Linda: How do I choose another author to try? Many different ways. I love your order of books recommendations. You must like thrillers as much as I do. Then I have a friend who recommends books as she is actually able to listen to books at her job, so she has much more time to read than I do and gives great recommendations. I, too, like Amazon’s site that says if you liked this book, you might also like this one. Very good. Then there is Thrift Books that does the same thing. I also read reviews in our local paper and in the Entertainment magazine. I worked as a librarian for several years and listened to the patrons comments on books. There are endless ways to find good authors. I just finished The Woman in Cabin 10 and loved it, so will probably try more of that author’s books. I am now reading The Couple Next Door and am liking it so far, so will probably try more Lapena books. I have one rule of thumb if I start a book and it does not grip me by page 50, I am out of it. If the author cannot invest enough thrilling moments in 50 pages, then I figure he or she is not worth it. I am enjoying my summer reading, not doing a series right now and kind of liking the freedom to just choose a random book. Thank you once again for your great newsletter. Have a great summer.

Lindi: I get book names from a wide variety of sources. Your site, my local Public Radio station, my Overdrive account through my library Barnes and Noble based on books I’ve read, and also from friends.

My list of books I would like to read is well over 400. Sometimes I lose interest in reading a book and remove it from my Goodreads To Read list. Even so, the list keeps growing.

Kenicia: I work at a library. I see wonderful books come through constantly. My to-read list is extremely long! Whenever I start something unfamiliar, I always check to see if it’s part of a series. Often it is, so I determine what book 1 is, and start there. I also watch a lot of mysteries. I occasionally read those series, although the show is usually different. If I enjoy the TV show, I am a bit leery of reading the books. I dislike when the two don’t match.

Judy: Graeme, to choose new books I use both your methods but have also found the following to work: be random! I volunteer at our local library to pull the books requested by other patrons. This takes me to many areas of the library that I have never really looked into. What a variety there is to choose from. So, as I see titles that would/might be interesting I take a picture of the cover with my camera and then add them to my “to read” list. I also just wander the mystery section and whenever I see a series I check them out and if the series looks good, I find the first book (or come to your site if I don’t have time in the library) and check it out. As an example, while pulling books last year I was in the mystery section. The book requested had a very unusual title and that intrigued me so I figured out the first book in the series, checked it out and finished all those there just in time for the newest book by the author to be published. And thus I found Alan Bradley’s “Flavia de Luce” series.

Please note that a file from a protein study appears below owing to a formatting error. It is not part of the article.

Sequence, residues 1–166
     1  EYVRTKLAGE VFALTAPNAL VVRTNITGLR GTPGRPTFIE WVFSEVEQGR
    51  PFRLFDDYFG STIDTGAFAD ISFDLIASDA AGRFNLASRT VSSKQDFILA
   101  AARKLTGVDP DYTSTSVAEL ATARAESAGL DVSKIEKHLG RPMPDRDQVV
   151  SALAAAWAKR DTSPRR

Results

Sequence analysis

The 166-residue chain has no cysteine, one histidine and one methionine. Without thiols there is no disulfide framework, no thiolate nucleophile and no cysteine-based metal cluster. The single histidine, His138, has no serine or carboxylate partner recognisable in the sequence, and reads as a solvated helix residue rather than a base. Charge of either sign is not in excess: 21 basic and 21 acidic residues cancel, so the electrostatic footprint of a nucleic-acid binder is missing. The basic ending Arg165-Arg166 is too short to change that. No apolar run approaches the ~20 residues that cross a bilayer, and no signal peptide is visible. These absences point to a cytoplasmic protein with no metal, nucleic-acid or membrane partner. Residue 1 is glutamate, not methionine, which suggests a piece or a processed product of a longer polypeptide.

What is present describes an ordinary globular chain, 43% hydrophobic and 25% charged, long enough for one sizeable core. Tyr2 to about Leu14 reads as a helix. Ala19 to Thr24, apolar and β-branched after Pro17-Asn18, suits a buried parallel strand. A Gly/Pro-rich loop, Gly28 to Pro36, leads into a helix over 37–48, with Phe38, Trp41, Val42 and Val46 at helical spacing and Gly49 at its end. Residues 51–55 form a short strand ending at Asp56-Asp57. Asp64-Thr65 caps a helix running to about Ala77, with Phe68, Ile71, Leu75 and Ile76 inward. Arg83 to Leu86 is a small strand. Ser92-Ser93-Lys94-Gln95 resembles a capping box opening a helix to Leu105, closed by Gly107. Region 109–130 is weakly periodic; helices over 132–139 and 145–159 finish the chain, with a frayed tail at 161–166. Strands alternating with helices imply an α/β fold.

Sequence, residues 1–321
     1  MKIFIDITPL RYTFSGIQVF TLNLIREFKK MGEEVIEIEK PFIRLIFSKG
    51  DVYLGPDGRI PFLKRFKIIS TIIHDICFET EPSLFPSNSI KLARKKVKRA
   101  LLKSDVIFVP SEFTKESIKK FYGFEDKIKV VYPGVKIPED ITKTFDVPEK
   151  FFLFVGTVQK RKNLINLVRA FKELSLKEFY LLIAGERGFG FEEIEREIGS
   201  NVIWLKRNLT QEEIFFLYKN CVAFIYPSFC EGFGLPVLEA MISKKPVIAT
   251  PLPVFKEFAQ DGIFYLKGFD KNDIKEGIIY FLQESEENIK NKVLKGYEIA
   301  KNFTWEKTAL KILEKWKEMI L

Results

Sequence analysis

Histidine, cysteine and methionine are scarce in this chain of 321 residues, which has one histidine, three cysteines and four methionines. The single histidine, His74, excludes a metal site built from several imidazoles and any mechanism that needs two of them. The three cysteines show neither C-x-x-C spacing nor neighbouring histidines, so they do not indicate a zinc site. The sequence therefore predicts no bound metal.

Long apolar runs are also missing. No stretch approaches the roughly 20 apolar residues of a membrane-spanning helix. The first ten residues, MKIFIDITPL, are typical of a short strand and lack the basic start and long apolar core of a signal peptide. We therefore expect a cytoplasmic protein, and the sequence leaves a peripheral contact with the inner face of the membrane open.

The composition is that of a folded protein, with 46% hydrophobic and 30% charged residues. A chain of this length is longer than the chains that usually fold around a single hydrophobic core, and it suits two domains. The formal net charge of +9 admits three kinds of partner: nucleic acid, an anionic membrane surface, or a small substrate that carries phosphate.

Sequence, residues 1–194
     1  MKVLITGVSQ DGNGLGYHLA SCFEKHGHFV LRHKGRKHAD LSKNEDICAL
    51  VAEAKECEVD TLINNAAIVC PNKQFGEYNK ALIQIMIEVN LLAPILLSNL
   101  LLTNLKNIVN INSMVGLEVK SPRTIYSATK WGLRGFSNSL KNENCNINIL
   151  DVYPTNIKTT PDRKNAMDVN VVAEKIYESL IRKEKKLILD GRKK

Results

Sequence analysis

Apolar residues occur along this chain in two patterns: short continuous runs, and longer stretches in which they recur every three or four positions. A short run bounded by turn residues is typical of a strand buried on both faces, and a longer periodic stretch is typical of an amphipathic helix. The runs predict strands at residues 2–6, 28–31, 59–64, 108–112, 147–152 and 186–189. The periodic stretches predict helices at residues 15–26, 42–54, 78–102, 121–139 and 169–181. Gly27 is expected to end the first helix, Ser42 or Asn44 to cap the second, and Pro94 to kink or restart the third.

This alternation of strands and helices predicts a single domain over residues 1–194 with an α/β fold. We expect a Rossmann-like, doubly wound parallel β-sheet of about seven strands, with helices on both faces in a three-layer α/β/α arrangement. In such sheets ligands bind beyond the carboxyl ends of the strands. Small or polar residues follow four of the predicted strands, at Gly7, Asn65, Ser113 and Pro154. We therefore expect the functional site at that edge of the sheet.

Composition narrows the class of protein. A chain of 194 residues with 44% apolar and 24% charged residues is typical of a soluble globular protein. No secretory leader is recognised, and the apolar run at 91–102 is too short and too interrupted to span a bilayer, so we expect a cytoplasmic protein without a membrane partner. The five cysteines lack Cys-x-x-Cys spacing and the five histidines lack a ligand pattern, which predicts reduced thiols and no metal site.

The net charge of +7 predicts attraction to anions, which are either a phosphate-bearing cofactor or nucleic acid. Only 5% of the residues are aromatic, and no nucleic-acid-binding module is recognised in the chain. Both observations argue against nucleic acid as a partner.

Jan S: You asked how we find new authors/series of books to read. I have found tons of new authors from a daily e-mail from Bookbub. I have enjoyed everything that I have read this spring and summer, and most of them have been new authors to me. The best thing about Bookbub is that you pick your favorite genres, they send a daily list of books that can be read on several different devices ranging in price from FREE to $2.99. I usually only read the books that I can find at the library. If I find a new author that has written several books, I always check them out on For me, it’s a total win situation that I would highly recommend.

Jan: Hope you and the family are enjoying the summer. With the oppressive heat we’ve had lately, I’ve had pleanty of time to read. (Too hot to garden and pick weeds.) So, how do I find new authors? Most of the time I get an Email from Amazon informing me of other books like the ones I have read. I research the authors and see what their books are about. If they sound interesting, I write down the titles…starting with the first in the series,,,,and start reading . Sometimes I google “mystery writers ” and look through that list. Years ago I started a note book, “So many books…….”. I have all my authors listed alphabetically and then with all their book titles. As I read them , they get crossed off. It’s a good way to keep track of what I read, plan to read or will never read another by that author. It also helps me to remember when a new book and is coming out.
Well, another murder is calling, and I must go! (Gee, that would be a great title!!!)

Elizabeth: I too like to use amazon to see similar books to ones I have enjoyed. I also use bookpage which I get from my public library.

Heather: You said you like to use Amazon for book recommendations, there is a website that lets you know if the reviews are genuine. It’s called I’ve found it very useful. And it may be good for you if some of the reviews seem iffy.

I really don’t have a go to method for finding new authors. I used to go thru Doubledays website bc I’m a member, but I hate the changes that were made. Sorry, I couldn’t add much in that topic. I kind of free spirit my way thru different avenues. You’re recommendations, or perusing booksites like Better World Books and Thriftbooks. I still like reading the old fashioned way.

Eamon: Good morning from Thailand!
Glad to see you are enjoying your summer.
I did new authors mainly through Amazon suggestions. Robert Dugoni was one of my most enjoyable successes. Of course I’m also too old to worry about accusations of sycophantic thoughts so I can also say Goodreads helps!☺

Liz: It’s funny you mention that Goodreads isn’t helpful because so many reviews are from reader who got ARCs and feel obligated. I do read ARCs and so far I have rated them 5 stars – because I thought they deserved it. If I didn’t, I’d review them honestly. And I have run into a lot of reviews that say effectively “I read the ARC and I feel bad about posting a poor review but I’ll be honest.”